Shimatani said: “R&D is not only about skin science or cell analysis but also about behaviour and psychology, the emotional side of consumers. We want to deepen and widen our research here, add new ideas and see inspiration born. That’s why the name S/Park is relevant. We welcome the creative spark of diverse people with knowledge.”
Highlights of the GIC include the S/Park Beauty Bar, a space where visitors can have their skin analysed and a personalised, tailored skincare regimen created, and Chat Beyond Time, a cubicle with a monitor that simulates facial aging. The ground floor also features the world’s largest crystal LED display system, developed by Sony, offering an immersive visual experience.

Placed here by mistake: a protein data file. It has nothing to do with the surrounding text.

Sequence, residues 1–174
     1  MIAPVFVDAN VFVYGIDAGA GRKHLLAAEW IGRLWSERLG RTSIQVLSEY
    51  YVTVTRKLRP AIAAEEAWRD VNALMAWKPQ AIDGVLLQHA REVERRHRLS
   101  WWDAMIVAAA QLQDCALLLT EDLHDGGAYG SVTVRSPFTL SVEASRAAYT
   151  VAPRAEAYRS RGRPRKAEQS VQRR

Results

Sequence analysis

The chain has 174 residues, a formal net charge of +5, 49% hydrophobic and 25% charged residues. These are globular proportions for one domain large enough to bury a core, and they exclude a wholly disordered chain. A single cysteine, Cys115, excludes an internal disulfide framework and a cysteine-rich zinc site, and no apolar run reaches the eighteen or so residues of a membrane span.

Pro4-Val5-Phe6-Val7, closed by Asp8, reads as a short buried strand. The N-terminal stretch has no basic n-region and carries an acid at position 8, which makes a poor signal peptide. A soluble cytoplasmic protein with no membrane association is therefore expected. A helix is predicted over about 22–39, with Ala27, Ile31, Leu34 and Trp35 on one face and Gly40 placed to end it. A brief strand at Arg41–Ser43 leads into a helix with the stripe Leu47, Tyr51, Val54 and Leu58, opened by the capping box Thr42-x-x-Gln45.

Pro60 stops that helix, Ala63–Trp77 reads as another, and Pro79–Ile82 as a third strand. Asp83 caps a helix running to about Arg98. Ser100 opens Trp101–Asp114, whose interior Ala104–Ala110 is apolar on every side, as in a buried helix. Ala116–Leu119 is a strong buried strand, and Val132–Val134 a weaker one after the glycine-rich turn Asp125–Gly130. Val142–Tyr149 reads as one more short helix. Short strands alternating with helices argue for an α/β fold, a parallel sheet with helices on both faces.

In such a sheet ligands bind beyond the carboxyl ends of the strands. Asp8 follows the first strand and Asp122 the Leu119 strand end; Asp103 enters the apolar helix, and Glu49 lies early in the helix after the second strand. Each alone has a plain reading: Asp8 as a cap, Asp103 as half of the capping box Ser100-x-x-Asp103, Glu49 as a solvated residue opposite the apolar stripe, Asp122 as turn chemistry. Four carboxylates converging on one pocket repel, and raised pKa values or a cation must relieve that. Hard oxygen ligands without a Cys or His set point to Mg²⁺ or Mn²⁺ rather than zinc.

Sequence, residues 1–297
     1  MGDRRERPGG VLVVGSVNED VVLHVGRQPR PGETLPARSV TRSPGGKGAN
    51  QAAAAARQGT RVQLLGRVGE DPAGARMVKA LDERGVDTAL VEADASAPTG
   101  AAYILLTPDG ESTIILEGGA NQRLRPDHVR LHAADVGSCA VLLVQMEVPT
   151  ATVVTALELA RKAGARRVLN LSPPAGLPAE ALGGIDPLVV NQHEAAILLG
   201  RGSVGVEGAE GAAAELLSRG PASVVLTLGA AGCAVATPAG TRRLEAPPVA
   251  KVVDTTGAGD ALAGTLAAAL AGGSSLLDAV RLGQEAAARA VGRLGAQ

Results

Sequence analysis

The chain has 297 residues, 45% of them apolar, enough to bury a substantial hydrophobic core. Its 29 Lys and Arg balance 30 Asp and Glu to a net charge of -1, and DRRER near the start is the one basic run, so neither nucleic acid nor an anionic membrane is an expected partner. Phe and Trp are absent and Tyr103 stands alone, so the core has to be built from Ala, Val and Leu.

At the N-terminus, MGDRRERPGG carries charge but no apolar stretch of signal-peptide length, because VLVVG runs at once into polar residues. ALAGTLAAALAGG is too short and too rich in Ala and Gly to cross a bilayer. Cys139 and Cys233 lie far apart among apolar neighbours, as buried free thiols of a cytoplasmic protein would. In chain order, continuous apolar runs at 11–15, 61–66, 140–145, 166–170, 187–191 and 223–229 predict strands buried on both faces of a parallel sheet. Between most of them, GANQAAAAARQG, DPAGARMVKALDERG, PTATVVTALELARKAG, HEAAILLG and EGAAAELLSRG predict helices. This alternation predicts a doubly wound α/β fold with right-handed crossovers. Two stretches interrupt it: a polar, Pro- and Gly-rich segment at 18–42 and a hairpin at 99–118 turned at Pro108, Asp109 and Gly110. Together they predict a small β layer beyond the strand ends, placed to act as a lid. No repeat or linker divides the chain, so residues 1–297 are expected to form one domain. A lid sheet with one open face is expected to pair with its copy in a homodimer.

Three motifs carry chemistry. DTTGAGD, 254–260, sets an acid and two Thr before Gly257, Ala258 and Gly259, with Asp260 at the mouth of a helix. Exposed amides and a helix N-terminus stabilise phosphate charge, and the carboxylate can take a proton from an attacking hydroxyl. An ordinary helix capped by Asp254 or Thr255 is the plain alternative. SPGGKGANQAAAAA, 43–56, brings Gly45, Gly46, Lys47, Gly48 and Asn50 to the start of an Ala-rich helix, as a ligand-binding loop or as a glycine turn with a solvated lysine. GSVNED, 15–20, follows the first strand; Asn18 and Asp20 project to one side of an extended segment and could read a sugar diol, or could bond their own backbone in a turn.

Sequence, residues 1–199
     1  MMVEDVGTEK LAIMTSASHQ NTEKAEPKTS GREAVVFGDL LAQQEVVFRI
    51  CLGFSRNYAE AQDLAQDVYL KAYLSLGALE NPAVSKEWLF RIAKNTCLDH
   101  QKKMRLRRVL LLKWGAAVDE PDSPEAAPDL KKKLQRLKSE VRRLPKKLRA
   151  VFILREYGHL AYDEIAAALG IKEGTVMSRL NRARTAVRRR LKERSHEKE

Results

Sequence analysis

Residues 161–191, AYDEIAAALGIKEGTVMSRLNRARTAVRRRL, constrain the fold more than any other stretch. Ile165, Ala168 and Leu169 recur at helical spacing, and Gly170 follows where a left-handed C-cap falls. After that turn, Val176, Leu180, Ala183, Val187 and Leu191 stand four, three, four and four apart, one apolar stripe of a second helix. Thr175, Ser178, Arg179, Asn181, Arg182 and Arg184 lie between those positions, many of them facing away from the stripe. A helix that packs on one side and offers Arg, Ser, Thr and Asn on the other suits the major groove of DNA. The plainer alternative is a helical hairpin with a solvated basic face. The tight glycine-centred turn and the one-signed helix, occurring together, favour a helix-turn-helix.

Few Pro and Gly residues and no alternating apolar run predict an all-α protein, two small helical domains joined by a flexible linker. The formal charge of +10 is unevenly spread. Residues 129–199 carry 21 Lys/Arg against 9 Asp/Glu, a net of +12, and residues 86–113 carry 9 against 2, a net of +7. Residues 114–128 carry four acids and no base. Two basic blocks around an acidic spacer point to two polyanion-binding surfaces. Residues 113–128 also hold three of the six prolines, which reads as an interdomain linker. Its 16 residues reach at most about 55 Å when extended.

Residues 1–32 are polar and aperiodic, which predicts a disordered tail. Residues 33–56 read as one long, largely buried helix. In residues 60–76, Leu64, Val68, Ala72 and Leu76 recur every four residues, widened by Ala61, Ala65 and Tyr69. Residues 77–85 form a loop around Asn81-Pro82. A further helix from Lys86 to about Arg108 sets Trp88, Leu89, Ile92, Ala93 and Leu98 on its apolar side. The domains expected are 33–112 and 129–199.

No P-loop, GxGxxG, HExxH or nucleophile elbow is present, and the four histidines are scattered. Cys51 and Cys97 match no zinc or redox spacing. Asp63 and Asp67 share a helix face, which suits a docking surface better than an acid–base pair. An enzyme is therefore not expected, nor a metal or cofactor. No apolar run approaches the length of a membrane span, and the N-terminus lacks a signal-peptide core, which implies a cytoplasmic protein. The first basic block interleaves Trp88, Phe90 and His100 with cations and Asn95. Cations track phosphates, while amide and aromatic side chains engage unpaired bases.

The S/Park Museum on the second floor is an exhibition of beauty innovation, while the centre also features a collaboration site on the fourth floor for engagement with business partners.
The first and second floors of the GIC form a dedicated open communication space where visitors and researchers can interact, offering content based on the concept of being “inspired by beauty.” The open communication spaces were produced by Kundo Koyama of Orange and Partners and designed by Naoki Sato of Nendo. The collaboration area on the fourth floor includes a lab for joint research with outside institutions and a space for business negotiations, which Shiseido said is unique for a research centre.
Leading-edge facilities and equipment to support research are located on the fifth through fifteenth floors. Through an out-of-the-box office layout, researchers can pursue “flexible and diverse” working styles, said the company.